From the start of this project, we’ve focused on understanding the real-world challenges facing these patients by visiting their homes to perform research.

Of course, the teams at Wyss aren’t the only engineers developing these types of devices. In October, developers at MIT announced that they had built a three-fingered robotic hand with adaptive sensors, capable of identifying and holding objects. This design is not dissimilar to one developed by researchers at Carnegie Melon, too, both utilising soft robotics to mitigate the challenges that come with regulating grip in non-human hands.

Unlike other engineering departments, however, which are exploring this in the context of attaching hands to larger robots and artificial intelligence, the focus at Wyss is integrating technology into human biology. The glove must be comfortable, affordable and match the physicality of the wearer.

"We’re not trying to overpower the person," explains Walsh. "We’re trying to put a light, flexible actuator on them that, in this case, when it’s pressurised, has kind of a similar motion to what they are trying to do: it works naturally and synergistically with them."

This is why the device must be made of entirely soft materials. They make it easy to fit and adjust to the human hand, meaning it can be made as comfortable as possible for the wearer.

"Soft robotics is a rapidly growing subfield of robotics, and our application is an example of how the technology is useful for applications when robots need to intimately interact with people," Walsh says.

The main focus for the participant group was to find patients who enjoy general motor function but whose situations are, unfortunately, not set to improve in the future: those who can move their arms, but their hands are very weak. The glove isn’t meant for users to be applying huge forces to the hand; it’s intended to help patients with the day-to-day tasks that might currently limit their independence, such as picking up small objects or buttoning up a shirt.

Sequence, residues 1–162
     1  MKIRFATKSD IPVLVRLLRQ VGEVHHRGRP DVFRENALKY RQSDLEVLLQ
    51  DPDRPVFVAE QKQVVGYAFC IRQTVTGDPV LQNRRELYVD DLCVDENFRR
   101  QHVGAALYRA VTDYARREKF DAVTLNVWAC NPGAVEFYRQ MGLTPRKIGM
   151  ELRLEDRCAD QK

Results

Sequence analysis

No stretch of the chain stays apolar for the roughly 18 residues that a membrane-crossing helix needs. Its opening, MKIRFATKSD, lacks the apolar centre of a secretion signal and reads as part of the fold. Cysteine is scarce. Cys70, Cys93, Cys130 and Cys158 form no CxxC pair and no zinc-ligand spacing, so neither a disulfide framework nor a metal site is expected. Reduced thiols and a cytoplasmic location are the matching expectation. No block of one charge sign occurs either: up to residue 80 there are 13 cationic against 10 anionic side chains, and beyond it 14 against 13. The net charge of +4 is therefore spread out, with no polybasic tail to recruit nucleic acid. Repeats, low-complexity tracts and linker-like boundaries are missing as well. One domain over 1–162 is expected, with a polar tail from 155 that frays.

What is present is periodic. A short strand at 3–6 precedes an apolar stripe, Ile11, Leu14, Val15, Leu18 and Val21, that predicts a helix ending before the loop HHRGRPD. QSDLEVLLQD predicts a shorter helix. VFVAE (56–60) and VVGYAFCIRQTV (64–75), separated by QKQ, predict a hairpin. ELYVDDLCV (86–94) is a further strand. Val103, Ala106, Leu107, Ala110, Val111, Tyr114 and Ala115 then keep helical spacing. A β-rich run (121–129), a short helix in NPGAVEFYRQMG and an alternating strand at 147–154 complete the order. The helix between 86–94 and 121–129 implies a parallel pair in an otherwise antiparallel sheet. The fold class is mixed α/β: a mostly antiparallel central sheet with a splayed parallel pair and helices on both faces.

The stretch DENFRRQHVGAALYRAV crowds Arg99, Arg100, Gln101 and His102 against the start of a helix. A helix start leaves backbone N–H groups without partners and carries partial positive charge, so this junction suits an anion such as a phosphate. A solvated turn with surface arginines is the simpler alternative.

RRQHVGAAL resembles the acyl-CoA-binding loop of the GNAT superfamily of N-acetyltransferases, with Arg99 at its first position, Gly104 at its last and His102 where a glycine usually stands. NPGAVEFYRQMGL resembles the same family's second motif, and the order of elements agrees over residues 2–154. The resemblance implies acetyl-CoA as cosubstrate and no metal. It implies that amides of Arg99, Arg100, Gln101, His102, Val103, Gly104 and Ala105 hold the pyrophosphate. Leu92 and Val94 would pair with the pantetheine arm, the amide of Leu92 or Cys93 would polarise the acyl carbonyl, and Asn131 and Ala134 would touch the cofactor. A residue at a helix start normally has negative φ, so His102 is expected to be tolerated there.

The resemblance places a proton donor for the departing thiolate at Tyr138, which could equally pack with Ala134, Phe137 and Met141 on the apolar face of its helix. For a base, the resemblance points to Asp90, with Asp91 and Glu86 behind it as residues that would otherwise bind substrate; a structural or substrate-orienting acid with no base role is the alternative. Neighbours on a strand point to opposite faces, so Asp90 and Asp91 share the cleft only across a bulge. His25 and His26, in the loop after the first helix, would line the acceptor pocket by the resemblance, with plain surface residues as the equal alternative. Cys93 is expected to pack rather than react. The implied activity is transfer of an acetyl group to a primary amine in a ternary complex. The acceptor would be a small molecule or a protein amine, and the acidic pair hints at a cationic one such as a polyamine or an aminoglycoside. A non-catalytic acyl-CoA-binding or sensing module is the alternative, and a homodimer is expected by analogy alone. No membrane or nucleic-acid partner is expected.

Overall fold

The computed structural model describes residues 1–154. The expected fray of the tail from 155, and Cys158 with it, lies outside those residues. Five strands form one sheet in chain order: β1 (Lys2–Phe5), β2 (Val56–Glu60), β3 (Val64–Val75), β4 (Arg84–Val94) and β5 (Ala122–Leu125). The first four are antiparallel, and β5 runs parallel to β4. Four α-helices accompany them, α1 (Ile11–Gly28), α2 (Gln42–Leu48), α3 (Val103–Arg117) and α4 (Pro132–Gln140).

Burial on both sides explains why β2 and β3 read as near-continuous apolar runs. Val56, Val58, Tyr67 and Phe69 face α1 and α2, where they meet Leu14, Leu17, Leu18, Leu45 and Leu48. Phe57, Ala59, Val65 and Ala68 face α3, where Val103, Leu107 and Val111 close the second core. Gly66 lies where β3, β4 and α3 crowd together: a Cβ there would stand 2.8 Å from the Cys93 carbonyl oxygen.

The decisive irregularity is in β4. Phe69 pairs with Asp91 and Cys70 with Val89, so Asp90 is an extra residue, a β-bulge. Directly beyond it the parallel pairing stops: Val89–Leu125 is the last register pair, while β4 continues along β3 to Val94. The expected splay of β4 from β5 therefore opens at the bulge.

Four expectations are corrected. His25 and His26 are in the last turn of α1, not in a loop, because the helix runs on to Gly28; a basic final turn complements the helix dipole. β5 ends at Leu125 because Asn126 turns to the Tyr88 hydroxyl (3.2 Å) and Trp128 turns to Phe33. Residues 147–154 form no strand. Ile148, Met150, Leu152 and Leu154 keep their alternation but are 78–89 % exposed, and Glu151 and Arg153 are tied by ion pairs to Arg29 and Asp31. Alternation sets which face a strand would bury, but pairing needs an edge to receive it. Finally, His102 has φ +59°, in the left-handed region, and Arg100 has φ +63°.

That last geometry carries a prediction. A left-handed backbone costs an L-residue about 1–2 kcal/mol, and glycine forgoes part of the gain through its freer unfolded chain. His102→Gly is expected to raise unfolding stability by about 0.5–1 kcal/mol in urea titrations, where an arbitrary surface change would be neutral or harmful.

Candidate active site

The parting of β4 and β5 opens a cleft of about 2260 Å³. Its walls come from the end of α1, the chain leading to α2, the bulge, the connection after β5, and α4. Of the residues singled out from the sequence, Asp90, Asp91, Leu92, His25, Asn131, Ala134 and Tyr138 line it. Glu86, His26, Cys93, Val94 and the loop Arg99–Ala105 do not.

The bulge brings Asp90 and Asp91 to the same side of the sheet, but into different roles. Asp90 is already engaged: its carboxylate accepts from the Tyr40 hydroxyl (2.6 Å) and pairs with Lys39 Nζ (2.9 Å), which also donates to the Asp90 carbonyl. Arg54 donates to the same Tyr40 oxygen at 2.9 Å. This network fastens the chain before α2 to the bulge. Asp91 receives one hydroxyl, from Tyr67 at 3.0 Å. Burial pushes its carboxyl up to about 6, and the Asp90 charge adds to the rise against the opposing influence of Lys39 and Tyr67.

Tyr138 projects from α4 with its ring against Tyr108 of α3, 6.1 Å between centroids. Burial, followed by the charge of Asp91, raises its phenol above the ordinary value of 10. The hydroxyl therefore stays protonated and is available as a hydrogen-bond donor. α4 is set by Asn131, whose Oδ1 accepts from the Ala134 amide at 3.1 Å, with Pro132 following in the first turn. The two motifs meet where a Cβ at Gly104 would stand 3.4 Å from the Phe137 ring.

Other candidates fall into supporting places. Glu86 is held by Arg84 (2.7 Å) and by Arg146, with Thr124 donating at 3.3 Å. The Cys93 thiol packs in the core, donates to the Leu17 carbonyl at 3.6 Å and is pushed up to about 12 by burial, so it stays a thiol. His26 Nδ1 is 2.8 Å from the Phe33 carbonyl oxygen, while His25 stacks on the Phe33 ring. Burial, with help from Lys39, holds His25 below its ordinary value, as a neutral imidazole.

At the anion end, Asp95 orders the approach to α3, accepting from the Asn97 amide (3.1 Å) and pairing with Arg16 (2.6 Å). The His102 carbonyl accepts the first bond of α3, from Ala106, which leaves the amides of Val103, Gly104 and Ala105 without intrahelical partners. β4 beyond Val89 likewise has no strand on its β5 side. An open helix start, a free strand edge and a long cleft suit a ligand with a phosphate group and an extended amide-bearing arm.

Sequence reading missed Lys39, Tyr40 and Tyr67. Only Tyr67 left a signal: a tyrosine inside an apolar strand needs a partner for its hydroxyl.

"It’s not going to allow you to crush a beer can," says Galloway, "so for the moment it’s not for the worker on the factory floor lifting heavy objects, but for people who have really weak hand strength. The glove is able to provide enough force to open and close their hand, and to pick up some objects."

Make it accessible

With the glove, it’s like having a hand back.

Of course, there’s a long way to go before we see these gloves on sake, and affordability remains a challenge. But what makes the Wyss Institute special is the emphasis on practicality and commercial viability: Walsh and his team are building technology with the view that one day, it will be accessible to the majority of the population.

"The whole mission of the Wyss Institute is to get technologies and bring them to market," says mechanical engineer Kevin Galloway. "What’s great about the Wyss is there are a lot of resources from business developers. The whole idea is to push the technology, put a lot of intellectual property around it and look for opportunities to commercialise it."

Walsh says that Wyss now has a proof-of-concept device that demonstrates the viability of the technology, but he concedes there’s a great deal of work that needs to be done before it’s robust enough for wider use.

"At the moment, we have an engineering team focused on refining the technology; we then hope to do a ten-patient pilot study within a year," he says. "If we’re successful, we’ll seek a commercial partner who will help take the device to market."

So, where does this leave the industry, more broadly? It’s still early days, but the ideas behind the project have major implications for at-home rehabilitation. Most of the devices on the market are prohibitively expensive – sometimes the cost of a car – and Wyss is working with materials that are comparatively cheap. If the technology becomes widespread, there are countless individuals whose lives would be profoundly transformed by the technology.

"It would be wonderful to be able to control my environment a little better, and my life a little better," a study participant says in a video on the Wyss’s website: an elderly woman suffering from muscular dystrophy who finds it impossible to pick up everyday items. "With the glove, it’s like having a hand back," she continues, smiling. "If anything, it feels good to have it on, it feels nice to have my fingers extended, but most of all it’s the function – to have strength in my hand again, it’s just wonderful."